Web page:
Ingesting Knowledge from Diverse Sources to Open Domain Social Conversations
Following the recent advancements in language modeling and availability of large natural language datasets, the last decade has been flourishing for conversational AI research. The progress also helped emphasize the importance of reasoning over a diverse set of external knowledge and task completion resources for forming relevant, informative, and accurate responses, discussing with the users when the available solutions/information are not sufficient, and making proactive suggestions.
For ingesting knowledge in conversations, recent work has mainly grounded conversational responses on knowledge snippets from wikipedia and web documents, with the goals of preventing hallucination and providing users diverse and accurate responses. However, much of the world's knowledge is dynamic and it is spread across diverse resources. Some of these are already structured, such as knowledge graphs. But a majority of them are not structured, for example, news articles and books. And some of them also include subjective information, such as customer reviews. In this talk, I will discuss our recent work on integrating knowledge to conversation responses from such a diverse set of resources, challenges associated with these, and progress we made so far.
Dilek Hakkani-Tür is a senior principal scientist at Amazon Alexa AI focusing on enabling natural dialogues with machines. Prior to joining Amazon, she was a researcher at Google Research, Microsoft Research, International Computer Science Institute at University of California, Berkeley, and AT&T Labs - Research. She received her BSc degree from Middle East Technical Univ, and MSc and PhD degrees from Bilkent Univ, Department of Computer Engineering. Her research interests include conversational AI, natural language and speech processing, spoken dialogue systems, and machine learning for language processing. She has over 80 patents that were granted and co-authored more than 300 papers in natural language and speech processing. She received several best paper awards for publications she co-authored on conversational systems, from IEEE Signal Processing Society, ISCA, EURASIP and others. She served as an associate editor for IEEE Transactions on Audio, Speech and Language Processing (2005-2008), a member of the IEEE Speech and Language Technical Committee (2009-2014), an area editor for speech and language processing for Elsevier's Digital Signal Processing Journal and IEEE Signal Processing Letters (2011-2013), the Editor-in-Chief of the IEEE/ACM Transactions on Audio, Speech and Language Processing (2018-2021), and an IEEE Distinguished Industry Speaker (2021). She also served on the ISCA Advisory Council (2015-2019) and the IEEE Signal Processing Society Fellows Committee (2019-2022). She was elected as a fellow of the IEEE (2014) and ISCA (2014).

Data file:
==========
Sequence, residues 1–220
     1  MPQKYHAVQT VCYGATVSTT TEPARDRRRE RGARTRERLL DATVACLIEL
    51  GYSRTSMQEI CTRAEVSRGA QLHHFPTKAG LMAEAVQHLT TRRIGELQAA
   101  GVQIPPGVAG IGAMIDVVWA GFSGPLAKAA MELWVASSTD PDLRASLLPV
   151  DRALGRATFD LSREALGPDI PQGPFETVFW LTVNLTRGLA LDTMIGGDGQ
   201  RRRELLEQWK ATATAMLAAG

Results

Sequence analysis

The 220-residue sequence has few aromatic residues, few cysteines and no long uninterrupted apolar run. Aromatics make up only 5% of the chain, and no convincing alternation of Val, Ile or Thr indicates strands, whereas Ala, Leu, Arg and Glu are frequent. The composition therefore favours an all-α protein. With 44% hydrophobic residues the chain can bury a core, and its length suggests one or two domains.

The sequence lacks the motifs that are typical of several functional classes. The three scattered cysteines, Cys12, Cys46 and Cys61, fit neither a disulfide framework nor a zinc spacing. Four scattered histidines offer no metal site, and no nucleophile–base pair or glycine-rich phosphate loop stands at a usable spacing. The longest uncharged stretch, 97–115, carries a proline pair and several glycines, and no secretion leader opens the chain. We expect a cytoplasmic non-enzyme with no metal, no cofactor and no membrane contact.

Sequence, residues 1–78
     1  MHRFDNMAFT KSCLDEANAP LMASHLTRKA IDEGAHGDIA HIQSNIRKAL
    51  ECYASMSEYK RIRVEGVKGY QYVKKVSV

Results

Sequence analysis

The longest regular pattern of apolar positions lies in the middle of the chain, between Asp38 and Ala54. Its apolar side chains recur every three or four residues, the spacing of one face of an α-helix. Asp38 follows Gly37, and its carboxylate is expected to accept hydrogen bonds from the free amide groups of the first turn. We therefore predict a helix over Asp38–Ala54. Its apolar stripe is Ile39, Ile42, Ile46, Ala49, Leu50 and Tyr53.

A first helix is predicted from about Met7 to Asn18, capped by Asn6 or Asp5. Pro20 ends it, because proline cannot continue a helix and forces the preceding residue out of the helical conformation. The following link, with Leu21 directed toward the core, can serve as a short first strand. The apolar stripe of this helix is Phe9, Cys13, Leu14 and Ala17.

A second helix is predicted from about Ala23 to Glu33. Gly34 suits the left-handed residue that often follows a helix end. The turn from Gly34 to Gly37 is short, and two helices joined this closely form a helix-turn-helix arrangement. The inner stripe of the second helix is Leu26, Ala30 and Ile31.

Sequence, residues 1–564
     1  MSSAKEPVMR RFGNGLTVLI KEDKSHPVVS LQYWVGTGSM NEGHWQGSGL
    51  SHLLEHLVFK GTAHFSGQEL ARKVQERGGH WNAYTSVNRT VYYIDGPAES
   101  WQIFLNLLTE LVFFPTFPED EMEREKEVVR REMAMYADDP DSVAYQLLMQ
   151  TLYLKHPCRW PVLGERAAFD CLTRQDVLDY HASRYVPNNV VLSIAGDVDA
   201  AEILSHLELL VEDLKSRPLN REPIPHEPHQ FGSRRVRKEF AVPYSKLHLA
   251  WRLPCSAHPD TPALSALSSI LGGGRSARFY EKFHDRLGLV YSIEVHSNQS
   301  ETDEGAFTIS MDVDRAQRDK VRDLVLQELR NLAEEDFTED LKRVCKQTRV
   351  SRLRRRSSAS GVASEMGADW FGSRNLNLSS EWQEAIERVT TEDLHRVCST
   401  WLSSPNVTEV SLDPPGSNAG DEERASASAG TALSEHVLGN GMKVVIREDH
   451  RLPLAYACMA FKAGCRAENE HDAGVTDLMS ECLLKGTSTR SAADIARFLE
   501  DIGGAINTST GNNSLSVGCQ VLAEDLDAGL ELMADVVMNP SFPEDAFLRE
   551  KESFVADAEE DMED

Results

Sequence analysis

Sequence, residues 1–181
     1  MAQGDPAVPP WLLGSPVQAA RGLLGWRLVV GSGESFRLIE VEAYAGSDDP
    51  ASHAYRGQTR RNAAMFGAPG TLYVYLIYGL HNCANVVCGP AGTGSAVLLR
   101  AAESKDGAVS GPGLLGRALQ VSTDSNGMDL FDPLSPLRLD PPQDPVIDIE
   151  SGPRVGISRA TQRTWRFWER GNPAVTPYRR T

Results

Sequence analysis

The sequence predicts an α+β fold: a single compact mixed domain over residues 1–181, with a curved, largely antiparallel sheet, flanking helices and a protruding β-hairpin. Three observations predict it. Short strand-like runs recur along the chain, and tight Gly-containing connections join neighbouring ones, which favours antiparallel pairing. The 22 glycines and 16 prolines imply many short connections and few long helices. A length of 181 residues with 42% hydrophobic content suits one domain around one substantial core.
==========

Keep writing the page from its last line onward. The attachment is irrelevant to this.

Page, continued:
Insights on the relationship between usage frequency, user proficiency, and interaction quality for a virtual assistant
For a virtual assistant, it seems clear that users who have a higher-quality experience would tend to use the assistant more. But causality is less obvious — for example, does higher usage frequency result from higher-quality interactions, or is higher usage frequency a reflection of higher user proficiency? How does user proficiency change over time? In this talk I'll cover a quantitative investigation into the relationships between usage frequency, user proficiency, and interaction quality for a real-world virtual assistant. The insights from this study may help inform reward or loss functions for virtual assistants optimized with reinforcement or semi-supervised learning. This is joint work with colleagues Zidi Xiu, Kai-Chen Cheng, David Q. Sun, Jiannan Lu, Hadas Kotek, Paul McCarthy, Yuhan Zhang, Christopher Klein, and Stephen Pulman.